UK car dealers could be putting customers' safety at risk by giving them poor quality advice, according to consumer group Which?

Its undercover researchers, posing as potential customers, asked dealers three safety questions and found that only one in four answered all satisfactorily.

Dealers gave inconsistent advice when asked about carrying a six-month-old baby on the front-passenger seat. Fitting a rearward-facing child seat in front of an active airbag could result in injury or death.

Electronic stability control (ESC) can prevent drivers from losing control of a car, but dealers were often unclear about its benefits and whether it was fitted as standard, Which? found.

'Active' head restraints can reduce whiplash, but many of the dealers did not know what they were and which cars had them.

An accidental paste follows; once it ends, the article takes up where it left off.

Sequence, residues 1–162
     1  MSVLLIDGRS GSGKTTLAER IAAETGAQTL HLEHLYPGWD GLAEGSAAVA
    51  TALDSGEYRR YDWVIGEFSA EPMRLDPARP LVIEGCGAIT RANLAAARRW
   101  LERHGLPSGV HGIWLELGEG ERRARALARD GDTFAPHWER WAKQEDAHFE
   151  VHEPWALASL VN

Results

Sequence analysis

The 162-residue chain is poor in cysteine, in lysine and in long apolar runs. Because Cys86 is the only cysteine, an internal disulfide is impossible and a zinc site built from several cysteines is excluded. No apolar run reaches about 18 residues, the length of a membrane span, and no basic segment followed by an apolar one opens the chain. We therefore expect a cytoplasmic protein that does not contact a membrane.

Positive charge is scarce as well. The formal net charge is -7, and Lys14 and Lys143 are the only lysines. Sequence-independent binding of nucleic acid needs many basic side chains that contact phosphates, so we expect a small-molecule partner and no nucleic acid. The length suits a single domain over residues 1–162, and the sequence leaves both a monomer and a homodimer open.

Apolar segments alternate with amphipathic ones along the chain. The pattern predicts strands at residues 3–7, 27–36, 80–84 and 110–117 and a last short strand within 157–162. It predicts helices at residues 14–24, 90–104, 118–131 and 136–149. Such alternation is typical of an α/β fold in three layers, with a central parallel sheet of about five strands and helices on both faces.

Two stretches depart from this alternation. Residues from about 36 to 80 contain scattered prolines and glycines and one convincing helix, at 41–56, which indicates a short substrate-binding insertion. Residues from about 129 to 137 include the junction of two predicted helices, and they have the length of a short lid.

Which? said dealers' advice must improve so that car buyers aren't sold short on safety. It recommends that buyers check what safety features are available on their chosen model before they sign up.

Which? editor Malcolm Coles said: "Car safety may be streets ahead of where it was 10 years ago, but too many important safety features are optional. As many shoppers have a very limited knowledge of what safety kit they need, getting good advice from a dealer is crucial.

"Our research shows it's a lottery as to whether customers get the right information and that simply isn't good enough. Dealerships must take more responsibility to ensure that their staff are trained to give proper advice."

"All safety features are important to manufacturers and dealers, and increasingly items like ESC are becoming standard, the Society of Motor Manufacturers and Traders (SMMT) responded. "The Which? survey seemed to sample a fairly small proportion of dealerships, only 16 in total, which hardly provides a conclusive sample size for the whole of the UK."